Veterans Speak to Students
Assembly Teaches Students About The Military
By Emily Knitter
Local veterans hosted a school-wide assembly at Franklinville Central School November 7 for more than 400 Pre-Kindergarten through 6th grade students to celebrate Veteran’s Day, with an emphasis on the diversity of career experiences available to anyone in service.
Students from the Saint Bonaventure University Student Veterans of America (SVA) club chapter and the Reserve Officer’s Training Corps (ROTC), along with the Franklinville Veterans of Foreign Wars Post 9487 all participated by sharing their own stories and interacting with the children to show that veterans are friendly, regular people, just like them.
As the kids filed into the gymnasium, they were each handed a small American flag. Before long, the bleachers were filled with hundreds of waving flags and the sound of young children chattering. As elementary school Principal Jessica Schirrmacher-Smith took the microphone, silence fell as she introduced the veterans standing before them.
Alex Thompson, whose daughter, Zelda, is a Kindergartener at the school, acted as the main speaker throughout the assembly.
“Who here knows what a veteran is?” Thompson asked the students. Hands shot up throughout the crowd. “There are lots of veterans in our country, 22 million,” he continued. “That means if you see 10 adults, there is a chance that one of them used to be in the military.”
Throughout the presentation, he spoke about what it means when someone is called a veteran, the different branches of the military, and the multitude of jobs available within the service.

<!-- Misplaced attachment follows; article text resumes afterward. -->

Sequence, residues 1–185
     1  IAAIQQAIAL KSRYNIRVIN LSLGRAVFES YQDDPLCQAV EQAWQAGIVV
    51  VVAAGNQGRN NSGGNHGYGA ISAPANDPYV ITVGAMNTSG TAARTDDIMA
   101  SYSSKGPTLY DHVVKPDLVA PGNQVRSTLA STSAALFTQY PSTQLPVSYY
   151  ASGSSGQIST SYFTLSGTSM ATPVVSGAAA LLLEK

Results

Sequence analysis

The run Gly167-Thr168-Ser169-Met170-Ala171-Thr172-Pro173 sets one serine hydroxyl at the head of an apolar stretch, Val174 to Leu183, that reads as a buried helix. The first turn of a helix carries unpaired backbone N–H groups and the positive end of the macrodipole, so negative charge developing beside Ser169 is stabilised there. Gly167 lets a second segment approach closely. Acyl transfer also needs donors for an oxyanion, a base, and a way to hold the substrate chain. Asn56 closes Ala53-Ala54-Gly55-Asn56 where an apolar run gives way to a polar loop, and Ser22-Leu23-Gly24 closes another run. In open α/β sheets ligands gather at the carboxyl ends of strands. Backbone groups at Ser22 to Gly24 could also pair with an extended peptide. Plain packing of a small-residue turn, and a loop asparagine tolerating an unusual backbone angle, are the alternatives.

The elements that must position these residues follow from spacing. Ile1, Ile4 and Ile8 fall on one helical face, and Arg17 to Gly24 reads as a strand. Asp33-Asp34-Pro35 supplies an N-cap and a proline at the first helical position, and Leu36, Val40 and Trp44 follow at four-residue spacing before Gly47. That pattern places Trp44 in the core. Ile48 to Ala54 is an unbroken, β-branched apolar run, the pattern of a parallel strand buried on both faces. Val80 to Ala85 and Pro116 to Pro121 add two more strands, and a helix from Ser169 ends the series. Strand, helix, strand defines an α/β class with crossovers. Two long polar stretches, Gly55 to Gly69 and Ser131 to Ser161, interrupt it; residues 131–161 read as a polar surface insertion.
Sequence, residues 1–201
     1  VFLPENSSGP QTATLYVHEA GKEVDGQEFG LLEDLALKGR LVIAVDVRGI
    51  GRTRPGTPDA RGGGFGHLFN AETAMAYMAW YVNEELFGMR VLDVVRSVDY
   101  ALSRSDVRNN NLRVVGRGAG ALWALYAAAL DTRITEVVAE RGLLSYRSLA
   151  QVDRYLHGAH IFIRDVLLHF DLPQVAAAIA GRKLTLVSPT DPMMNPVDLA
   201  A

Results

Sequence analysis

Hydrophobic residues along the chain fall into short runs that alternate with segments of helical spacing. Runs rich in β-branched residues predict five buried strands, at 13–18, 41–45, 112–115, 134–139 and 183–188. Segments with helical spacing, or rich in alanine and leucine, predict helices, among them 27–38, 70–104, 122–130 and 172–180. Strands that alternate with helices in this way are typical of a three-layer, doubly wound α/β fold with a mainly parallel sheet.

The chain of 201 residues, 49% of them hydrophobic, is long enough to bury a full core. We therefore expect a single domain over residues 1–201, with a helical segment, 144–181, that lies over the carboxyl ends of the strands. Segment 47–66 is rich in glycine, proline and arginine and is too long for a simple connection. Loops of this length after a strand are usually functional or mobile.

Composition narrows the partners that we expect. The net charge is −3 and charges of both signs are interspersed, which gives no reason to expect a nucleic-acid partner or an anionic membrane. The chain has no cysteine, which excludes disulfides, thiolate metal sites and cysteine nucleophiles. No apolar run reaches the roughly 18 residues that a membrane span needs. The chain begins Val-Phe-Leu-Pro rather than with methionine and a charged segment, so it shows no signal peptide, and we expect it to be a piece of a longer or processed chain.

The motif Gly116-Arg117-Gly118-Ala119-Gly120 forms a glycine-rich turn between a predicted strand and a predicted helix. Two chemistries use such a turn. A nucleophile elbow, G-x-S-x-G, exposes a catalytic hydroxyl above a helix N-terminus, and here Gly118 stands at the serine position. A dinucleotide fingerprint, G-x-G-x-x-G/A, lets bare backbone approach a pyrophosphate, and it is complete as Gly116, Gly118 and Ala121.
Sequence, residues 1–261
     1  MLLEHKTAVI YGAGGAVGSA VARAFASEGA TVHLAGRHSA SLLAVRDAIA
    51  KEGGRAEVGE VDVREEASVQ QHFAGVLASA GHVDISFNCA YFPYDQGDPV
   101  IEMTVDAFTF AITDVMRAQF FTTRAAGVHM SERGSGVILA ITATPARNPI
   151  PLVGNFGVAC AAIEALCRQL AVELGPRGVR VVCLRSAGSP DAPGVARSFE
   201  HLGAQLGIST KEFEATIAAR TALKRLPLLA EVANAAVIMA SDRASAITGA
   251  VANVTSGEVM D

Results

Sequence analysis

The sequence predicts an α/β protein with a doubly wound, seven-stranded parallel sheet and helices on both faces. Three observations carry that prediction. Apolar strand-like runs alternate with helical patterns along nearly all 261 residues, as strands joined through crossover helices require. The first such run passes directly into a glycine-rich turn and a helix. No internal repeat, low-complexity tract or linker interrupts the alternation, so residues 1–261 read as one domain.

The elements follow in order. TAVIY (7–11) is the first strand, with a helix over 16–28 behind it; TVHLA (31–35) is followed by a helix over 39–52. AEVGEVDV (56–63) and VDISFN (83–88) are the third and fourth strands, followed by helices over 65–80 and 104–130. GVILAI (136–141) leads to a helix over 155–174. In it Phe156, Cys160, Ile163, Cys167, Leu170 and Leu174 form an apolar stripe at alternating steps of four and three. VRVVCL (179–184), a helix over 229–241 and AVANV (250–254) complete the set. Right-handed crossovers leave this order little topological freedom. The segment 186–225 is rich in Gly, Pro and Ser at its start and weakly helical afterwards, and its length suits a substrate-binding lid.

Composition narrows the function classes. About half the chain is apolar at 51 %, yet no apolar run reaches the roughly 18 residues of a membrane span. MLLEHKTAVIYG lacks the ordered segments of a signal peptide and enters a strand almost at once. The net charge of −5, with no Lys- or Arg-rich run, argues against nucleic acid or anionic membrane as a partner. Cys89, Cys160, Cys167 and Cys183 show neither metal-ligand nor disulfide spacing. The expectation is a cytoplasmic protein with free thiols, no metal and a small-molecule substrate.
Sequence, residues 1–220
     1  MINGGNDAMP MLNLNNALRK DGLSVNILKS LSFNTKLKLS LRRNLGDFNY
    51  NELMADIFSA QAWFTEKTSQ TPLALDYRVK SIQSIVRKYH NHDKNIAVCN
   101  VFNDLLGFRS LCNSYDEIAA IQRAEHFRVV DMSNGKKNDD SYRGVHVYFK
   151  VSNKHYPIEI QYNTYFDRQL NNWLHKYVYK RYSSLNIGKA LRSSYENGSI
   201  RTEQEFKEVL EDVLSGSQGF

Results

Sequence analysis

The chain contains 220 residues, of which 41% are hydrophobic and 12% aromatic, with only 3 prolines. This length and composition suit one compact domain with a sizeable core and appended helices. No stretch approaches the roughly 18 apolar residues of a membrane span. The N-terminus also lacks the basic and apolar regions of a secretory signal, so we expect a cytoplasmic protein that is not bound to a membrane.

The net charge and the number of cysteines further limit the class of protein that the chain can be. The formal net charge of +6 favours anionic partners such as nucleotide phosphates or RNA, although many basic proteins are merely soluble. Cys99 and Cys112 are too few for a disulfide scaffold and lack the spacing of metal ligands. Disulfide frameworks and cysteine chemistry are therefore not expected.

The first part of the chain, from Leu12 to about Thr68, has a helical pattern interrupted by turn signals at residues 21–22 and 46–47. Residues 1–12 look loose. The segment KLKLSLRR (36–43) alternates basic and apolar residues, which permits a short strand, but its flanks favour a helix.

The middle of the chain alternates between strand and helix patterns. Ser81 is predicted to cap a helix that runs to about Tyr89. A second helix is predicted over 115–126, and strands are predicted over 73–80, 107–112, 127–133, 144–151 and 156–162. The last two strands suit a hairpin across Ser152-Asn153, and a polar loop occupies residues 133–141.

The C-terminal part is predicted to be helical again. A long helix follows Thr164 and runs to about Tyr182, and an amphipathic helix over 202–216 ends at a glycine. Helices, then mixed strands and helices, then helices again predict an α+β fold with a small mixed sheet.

Cadets from the ROTC program demonstrated a proper military salute and asked the children to try it out. The students then learned the proper customs and courtesies that come with handling a flag and how to show respect when it is displayed. After a pause for a question and answer session, Cadet Michael Rickicki taught everyone how to march and sang a cadence as they were doing so.
As a culmination for the presentation, the entire school exited the building and lined up along on the bus route and placed their flags next to the sidewalk as a reminder throughout the week about the holiday being celebrated.
The event was as invigorating for the veterans as it was for the students.
“When a group of Beterans come together to share their experiences, it’s a pretty powerful thing,” said Rob Petruccello, an SVA member and SBU student. “I was surprised with how many kids were excited to tell me that their parents or grandparents served in the military. I could tell that they were proud of them.”
This event was one way that the student veterans of SBU are reaching out within the local community to help shine a positive light on the local veteran population and contribute to the community where they can.
If you’re a veteran, or supporter, and are interested in becoming involved with the program or considering returning to college, contact the director of veteran services at SBU, Frank Morales, at (716) 375-2105 for more information.